Organizations that provide services for people with developmental disabilities were already facing a difficult time with funding and, crucially, retain staff. But they are worried a looming budget proposal could spell even more problems for those who care for the state's most vulnerable residents.

They are mobilizing this budget season to stave off spending reductions and seek a cost-of-living adjustment for their direct care workers. 

This week, the state moved to provide a restoration of the 20% of funding withheld last year to service providers during the worst of the COVID-19 pandemic. 

But permanent cuts of 5% are still on the horizon for providers and much of their budgets will be shaped by what New York receives in federal aid over the next several weeks. 

Here's an interview with Erik Geizer, the CEO of The ARC New York and part of the larger New York Disabilities Advocates coalition. 

Spectrum News: What is the biggest issue facing people who provide programs and services to those with developmental disabilities in New York?

Erik Geizer: We are looking at the past 10 years where we have not had a cost of living adjustment for our field. Imagine working at a job 10 years ago and still being paid the same thing today. That's essentially what we're trying to face. We estimate that's cost our field about $5 billion in funding. Add to that the COVID crisis which has cost us hundreds of millions of dollars in funded costs that we did not anticipate. On top of everything else, of course, you add the budget cuts and you have a real recipe for disaster.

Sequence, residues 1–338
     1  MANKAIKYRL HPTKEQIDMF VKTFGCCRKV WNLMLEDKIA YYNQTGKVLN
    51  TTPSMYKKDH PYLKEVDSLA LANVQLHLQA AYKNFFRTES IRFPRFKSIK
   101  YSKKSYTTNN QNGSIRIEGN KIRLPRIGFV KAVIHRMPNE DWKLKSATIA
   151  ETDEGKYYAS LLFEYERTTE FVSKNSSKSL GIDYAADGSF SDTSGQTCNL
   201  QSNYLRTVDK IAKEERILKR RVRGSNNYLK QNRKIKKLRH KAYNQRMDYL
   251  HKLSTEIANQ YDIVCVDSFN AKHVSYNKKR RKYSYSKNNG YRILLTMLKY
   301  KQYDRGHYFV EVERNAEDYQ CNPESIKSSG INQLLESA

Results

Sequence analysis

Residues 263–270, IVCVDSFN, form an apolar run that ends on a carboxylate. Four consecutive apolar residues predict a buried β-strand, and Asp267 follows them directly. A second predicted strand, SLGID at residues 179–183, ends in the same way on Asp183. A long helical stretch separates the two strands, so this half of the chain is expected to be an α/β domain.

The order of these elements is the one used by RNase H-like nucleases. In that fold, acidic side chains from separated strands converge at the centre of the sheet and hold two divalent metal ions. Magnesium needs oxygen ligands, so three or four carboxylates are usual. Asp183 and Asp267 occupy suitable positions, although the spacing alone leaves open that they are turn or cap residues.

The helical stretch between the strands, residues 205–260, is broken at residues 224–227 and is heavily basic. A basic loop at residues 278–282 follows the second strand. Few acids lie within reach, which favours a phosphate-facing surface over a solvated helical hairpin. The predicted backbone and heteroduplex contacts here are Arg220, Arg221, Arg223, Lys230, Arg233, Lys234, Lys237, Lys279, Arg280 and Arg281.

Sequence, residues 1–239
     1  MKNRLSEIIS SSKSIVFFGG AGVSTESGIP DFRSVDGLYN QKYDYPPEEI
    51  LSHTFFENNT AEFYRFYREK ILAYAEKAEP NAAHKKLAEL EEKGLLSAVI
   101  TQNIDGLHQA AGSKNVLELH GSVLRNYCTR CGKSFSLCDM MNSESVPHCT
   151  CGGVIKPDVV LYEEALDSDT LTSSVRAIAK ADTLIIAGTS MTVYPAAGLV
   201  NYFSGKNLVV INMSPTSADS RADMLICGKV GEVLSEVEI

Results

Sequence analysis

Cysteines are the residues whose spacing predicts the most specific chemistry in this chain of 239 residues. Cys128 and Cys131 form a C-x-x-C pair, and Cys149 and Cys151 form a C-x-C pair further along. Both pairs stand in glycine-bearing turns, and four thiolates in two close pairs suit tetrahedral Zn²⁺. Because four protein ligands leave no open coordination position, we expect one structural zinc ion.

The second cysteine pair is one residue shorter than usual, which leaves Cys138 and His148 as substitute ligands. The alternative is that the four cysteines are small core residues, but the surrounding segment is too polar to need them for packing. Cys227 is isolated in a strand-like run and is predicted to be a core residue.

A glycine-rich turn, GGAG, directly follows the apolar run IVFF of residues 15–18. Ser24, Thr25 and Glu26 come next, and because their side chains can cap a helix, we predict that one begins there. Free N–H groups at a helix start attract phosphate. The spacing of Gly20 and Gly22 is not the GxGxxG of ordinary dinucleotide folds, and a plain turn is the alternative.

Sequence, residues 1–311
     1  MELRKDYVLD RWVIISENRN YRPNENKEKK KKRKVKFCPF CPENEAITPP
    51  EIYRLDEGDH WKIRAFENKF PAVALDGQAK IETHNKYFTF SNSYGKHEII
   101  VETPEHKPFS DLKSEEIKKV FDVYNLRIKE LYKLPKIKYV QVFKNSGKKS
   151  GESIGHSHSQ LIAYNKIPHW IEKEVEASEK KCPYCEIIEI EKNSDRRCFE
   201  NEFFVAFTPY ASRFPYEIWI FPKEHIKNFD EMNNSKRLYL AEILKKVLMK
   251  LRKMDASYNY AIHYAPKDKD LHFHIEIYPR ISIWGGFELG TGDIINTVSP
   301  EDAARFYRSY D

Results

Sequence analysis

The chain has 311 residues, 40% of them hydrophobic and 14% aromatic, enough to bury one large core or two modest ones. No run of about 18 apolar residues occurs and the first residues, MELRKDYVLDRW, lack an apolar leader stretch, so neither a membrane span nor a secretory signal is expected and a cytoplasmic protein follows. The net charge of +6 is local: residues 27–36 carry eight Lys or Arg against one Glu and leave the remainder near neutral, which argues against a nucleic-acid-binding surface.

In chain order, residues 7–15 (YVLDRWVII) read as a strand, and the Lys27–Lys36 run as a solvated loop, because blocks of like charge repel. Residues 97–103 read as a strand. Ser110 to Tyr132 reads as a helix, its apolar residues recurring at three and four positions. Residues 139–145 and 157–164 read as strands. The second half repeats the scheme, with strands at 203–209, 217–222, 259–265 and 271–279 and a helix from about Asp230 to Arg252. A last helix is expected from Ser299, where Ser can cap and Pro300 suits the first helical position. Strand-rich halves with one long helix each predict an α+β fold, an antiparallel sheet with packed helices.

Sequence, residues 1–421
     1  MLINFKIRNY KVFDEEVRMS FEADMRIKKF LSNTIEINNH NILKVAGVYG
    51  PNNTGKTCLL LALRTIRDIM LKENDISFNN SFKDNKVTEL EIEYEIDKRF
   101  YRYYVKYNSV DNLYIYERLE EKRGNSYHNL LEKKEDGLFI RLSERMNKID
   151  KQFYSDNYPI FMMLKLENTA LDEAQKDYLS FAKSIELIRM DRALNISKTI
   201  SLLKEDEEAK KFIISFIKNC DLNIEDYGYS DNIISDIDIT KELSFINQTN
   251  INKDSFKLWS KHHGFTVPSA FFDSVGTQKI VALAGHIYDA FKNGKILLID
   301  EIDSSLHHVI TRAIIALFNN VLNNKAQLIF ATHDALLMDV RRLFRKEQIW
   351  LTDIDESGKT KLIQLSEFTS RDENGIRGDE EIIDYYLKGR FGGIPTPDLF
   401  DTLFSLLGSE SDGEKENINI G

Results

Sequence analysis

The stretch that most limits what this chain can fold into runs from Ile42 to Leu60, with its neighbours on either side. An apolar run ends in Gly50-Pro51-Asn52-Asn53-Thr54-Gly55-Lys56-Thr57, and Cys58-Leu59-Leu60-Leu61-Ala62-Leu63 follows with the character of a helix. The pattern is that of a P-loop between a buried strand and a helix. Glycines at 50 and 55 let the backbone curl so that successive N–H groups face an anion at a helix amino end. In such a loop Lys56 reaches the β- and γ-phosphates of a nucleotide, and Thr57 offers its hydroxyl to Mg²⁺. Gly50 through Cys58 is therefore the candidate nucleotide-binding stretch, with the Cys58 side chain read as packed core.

SN: Has that affected your ability to retain workers who, I imagine, are working in a pretty challenging field. 

Erik Geizer: Unfortunately we are competing with non-human service sectors fields. The wages we are able to pay our direct workforce is minimum wage, sometimes just marginally over minimum wage. So we're competing with fast food restaurants, Walmarts, Targets. And some of that work can be much less difficult than the very challenging work our direct care workforce has on their hands. 

SN: How much do your budgets hinge on federal aid?

Erik Geizer: We are actually looking for more federal support. There have been some who have suggested that we could be seeing up to $15 billion in federal support. If we were able to have that sort of victory, that we hope would result in many of these cuts being completely eliminated and allowing us to invest in our programs, our services and of course our workforce and their salaries.